Zur went to see the film and wonders, "What exactly makes (it) worthy of such a prestigious (Golden Globe) award?" He asks if Hollywood might also think a film sympathetic to the objectives of the 9/11 hijackers could someday be made. Why not? Didn't those men believe their act was righteous and in their "desperation" thought it the only way to get America's attention for their "plight"? Zur wonders if the terrorists get their hands on a nuclear, biological or chemical device that they use to kill 100,000 or more people whether the film industry will think that worthy of cinematic and sympathetic treatment.
Some critics of Steven Spielberg's "Munich" think that film crossed the line in portraying the Palestinian murderers of Israeli athletes at the 1972 Olympics sympathetically and the Jewish avengers who hunted down the perpetrators as responsible for the continuing "cycle of violence." Jewish guilt can be hazardous to Jewish health.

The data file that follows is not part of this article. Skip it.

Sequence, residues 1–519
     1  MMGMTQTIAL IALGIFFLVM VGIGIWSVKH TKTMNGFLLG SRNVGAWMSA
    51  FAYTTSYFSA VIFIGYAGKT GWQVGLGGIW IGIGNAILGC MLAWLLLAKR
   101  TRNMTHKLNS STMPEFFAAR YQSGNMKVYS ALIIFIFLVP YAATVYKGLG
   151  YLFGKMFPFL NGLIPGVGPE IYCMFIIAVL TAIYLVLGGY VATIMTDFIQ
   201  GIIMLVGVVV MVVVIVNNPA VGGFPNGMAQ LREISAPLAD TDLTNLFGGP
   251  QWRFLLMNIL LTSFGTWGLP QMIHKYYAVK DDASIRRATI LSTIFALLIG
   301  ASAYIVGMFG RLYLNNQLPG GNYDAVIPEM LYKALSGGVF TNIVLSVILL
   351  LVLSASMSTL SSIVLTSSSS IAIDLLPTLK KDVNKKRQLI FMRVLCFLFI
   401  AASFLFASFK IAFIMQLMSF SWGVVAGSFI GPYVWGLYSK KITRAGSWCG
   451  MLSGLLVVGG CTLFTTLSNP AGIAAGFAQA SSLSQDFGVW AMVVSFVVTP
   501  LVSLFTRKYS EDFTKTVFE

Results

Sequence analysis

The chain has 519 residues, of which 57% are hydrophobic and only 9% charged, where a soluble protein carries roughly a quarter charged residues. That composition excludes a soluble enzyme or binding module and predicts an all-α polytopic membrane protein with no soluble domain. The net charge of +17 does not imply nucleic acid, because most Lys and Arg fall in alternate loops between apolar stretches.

What is especially troubling is that Hollywood's reservoir of sympathy is shallow and extends only to certain "favored" subjects. Would the film industry do a movie about Joseph Stalin and how the forced famine he instigated in the 1930s in which an estimated 7 million people died was really about putting overweight Russians on a needed diet? How about a film on the life of China's Chairman Mao, considered the top killer of the last century? A talented scriptwriter might portray Mao's genocidal acts as a commitment to population control.
It's probably too late to influence the Academy, but as Zur wrote after the Golden Globes ceremony, "Awarding a movie such as 'Paradise Now' only implicates the Hollywood Foreign Press Association in the evil chain of terror that attempts to justify these horrific acts, whether the number of victims is 17 (as on that Haifa bus) or 17,000."
The same might be said of the Academy on Sunday night, depending on who "the winner is."
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